Today, we are announcing the second in a series of workshops to share lessons we have learned from our broadband grants programs with communities nationwide seeking to build their broadband capacity.
“It’s been great seeing people come back and say, ‘I’ve been able to get a job,’ after we helped them with sprucing up their résumé and applying for jobs online.” - PCC Staff Member, Las Vegas Urban League
“Without this computer lab, we would not be getting people the jobs that we’re getting them. It’s just a great thing.” - Staff Member, Workforce West Virginia
Last week, President Obama signed the Workforce Innovation and Opportunity Act aimed at creating a more flexible and responsive system of workforce development to meet the needs of employers looking to fill 21st century jobs. Ensuring U.S. workers are able to compete and succeed is a key priority at the U.S. Commerce Department. Secretary of Commerce Penny Pritzker served on a task force with Vice President Biden that recently released a report looking at solutions for making the nation’s workforce and training system more job-driven, integrated and effective.
Access to high-speed Internet has become a necessity for communities and businesses, and the latest data from the National Broadband Map shows that broadband continues to be available to more Americans than ever.
Broadband drives economic growth and innovation – including advances in health care, education, and public safety. Since its launch in 2011, the National Broadband Map has been helping businesses and consumers access broadband by detailing where and what types of high-speed Internet services are available in their communities.
Considering wireline and wireless technologies together, the slowest broadband speeds are nearly ubiquitously available, and access to very fast broadband (over 100 Mbps) has now reached two-thirds of Americans. The data, as of December 31, 2013, shows that 99 percent of Americans have access to wired and/or wireless broadband at advertised speeds of 6 Mbps downstream and 1.5 Mbps up, though this number drops to 89 percent when considering wireline broadband alone.
After a huge jump between December 2010 and December 2011, the data continues to show a steady increase – primarily attributable to an upgrade in existing cable systems – in the number of communities and businesses that now can access broadband with speeds of at least 100 Mbps. Check out the data yourself below and on the National Broadband Map website, where you can analyze data, look at differences in rural and urban availability and see the differences by technology and speed. All historical data is also available on NTIA’s website or via API.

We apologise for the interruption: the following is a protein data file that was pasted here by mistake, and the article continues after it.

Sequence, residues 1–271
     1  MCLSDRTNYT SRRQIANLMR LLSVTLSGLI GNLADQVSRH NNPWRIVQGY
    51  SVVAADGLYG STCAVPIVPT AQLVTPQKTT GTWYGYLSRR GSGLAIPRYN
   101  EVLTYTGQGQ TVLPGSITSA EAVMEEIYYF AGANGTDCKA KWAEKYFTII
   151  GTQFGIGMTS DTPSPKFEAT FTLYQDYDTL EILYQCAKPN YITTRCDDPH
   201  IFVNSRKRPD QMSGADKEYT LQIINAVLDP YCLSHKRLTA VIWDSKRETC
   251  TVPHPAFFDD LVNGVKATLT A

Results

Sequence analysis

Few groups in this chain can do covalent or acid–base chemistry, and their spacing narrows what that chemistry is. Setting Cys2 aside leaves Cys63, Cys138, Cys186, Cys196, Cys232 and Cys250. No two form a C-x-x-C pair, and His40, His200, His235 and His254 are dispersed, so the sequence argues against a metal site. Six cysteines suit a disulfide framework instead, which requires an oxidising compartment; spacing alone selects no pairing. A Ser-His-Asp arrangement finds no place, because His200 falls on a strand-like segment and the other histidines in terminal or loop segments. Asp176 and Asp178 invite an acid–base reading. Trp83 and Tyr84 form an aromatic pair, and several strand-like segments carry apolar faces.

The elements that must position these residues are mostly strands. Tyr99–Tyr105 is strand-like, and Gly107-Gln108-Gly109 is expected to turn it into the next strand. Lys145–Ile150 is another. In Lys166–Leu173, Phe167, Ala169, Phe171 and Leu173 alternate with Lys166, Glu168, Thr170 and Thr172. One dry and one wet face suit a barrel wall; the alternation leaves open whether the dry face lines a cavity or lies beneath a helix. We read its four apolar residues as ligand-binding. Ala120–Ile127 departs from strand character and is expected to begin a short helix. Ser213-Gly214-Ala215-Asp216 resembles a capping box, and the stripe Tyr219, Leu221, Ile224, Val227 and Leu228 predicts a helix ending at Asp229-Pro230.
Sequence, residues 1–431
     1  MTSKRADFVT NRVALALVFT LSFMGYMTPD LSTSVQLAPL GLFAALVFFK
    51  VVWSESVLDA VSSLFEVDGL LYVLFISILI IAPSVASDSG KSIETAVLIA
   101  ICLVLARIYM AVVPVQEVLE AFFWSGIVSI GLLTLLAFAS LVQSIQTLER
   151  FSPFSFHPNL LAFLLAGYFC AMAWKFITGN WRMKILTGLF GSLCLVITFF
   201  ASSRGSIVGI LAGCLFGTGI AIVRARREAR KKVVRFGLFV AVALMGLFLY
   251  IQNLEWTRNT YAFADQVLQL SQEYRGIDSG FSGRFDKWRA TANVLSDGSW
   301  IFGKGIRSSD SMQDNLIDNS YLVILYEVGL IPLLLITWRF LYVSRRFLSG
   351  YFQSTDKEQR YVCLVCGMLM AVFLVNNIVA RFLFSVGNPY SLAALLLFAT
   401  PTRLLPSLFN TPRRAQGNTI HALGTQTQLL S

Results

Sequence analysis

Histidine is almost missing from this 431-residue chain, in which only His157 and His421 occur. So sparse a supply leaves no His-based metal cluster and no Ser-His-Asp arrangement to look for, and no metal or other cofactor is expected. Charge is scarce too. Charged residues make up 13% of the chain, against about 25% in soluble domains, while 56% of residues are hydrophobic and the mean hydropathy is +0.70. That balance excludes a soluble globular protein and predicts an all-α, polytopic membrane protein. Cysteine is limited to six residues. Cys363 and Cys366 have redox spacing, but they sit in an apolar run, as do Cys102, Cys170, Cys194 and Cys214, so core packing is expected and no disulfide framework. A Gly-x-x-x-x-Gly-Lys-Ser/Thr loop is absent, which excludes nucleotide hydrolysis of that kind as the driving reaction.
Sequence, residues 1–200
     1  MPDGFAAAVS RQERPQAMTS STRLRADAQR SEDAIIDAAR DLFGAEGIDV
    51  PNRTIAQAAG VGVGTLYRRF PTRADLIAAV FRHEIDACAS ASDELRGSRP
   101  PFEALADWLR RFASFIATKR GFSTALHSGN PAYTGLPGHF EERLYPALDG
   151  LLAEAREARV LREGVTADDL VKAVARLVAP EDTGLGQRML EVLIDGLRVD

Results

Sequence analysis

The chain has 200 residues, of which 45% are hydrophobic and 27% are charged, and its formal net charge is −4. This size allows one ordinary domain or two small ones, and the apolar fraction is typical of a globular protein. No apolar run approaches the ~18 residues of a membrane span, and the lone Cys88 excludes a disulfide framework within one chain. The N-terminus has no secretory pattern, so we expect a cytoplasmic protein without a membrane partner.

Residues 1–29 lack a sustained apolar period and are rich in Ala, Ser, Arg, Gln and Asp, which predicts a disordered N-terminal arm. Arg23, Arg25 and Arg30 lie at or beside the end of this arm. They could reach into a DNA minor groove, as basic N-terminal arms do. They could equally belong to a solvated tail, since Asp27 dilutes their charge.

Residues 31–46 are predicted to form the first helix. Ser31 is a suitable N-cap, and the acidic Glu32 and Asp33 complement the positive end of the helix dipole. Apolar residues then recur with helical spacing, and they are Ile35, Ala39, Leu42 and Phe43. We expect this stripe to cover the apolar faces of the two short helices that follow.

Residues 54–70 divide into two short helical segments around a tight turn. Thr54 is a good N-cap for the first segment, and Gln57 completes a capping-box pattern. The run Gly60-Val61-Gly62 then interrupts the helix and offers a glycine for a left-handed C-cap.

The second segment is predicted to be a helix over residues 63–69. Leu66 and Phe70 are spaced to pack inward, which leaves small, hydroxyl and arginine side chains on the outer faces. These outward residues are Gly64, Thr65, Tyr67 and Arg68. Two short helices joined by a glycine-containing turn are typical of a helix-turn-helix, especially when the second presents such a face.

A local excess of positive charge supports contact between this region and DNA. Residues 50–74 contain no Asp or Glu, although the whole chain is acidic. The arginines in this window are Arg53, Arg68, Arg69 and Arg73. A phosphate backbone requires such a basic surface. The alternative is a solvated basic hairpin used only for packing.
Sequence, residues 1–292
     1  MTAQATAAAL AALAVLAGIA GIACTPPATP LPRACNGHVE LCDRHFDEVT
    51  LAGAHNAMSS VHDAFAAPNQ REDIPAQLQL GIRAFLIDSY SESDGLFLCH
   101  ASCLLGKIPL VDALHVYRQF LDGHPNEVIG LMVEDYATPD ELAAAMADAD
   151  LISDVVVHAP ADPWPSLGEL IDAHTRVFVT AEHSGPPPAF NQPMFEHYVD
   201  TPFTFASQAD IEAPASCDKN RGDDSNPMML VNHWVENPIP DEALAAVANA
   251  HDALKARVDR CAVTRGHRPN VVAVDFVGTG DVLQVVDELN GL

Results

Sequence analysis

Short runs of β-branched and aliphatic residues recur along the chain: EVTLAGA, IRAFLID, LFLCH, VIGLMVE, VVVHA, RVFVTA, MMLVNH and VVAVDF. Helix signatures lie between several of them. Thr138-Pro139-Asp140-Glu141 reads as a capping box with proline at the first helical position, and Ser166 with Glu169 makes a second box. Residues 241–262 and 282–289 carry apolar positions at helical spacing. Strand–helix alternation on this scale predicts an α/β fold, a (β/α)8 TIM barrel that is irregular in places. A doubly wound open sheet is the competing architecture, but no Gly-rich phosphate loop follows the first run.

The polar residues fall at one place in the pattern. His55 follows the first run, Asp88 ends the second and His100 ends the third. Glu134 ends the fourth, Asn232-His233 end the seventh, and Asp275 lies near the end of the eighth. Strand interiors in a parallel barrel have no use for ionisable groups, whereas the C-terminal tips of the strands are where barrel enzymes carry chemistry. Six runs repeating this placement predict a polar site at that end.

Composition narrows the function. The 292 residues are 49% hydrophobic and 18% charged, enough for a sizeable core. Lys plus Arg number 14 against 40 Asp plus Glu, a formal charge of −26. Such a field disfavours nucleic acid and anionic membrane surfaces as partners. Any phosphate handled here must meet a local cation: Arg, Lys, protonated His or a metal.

Today NTIA is hosting the first of several workshops focused on community broadband as we explore ways to build on the momentum of our successful broadband grant programs and look at what comes next.
The 2009 Recovery Act included more than $7 billion to expand access to high-speed Internet services to close the digital divide and spark economic growth. Through our Broadband Technology Opportunities Program, NTIA invested about $4 billion of that in 230 projects across the country that have built critical network infrastructure, opened or upgraded public computer centers and established broadband adoption programs. And through our State Broadband Initiative Program, we invested another almost $300 million to help states collect broadband data for the National Broadband Map and expand their statewide broadband capacity.
Today, these investments are enabling one-to-one computing programs and replacing old-fashioned textbooks with engaging online instructional materials in North Carolina classrooms. They are allowing Arkansas physicians to remotely examine patients located hundreds of miles away in far-flung rural corners of the state. They are supporting digital literacy training in low-income Latino communities across California. And they are bringing 4G LTE wireless broadband service to parts of the Navajo Nation that previously lacked even basic landline phone service.
As of the end of 2013, our grantees had built or upgraded more than 112,000 miles of fiber - enough to circle the earth four and a half times or get you halfway to the moon. They had connected more than 21,000 community anchor institutions, including about 8,000 K-12 schools, 1,300 libraries and 2,400 medical facilities. And they had established or upgraded 3,000 public computer centers and helped more than 600,000 households sign up for broadband. At the same time, our State Broadband Initiative Program has supported more than 200 local broadband planning teams across the country.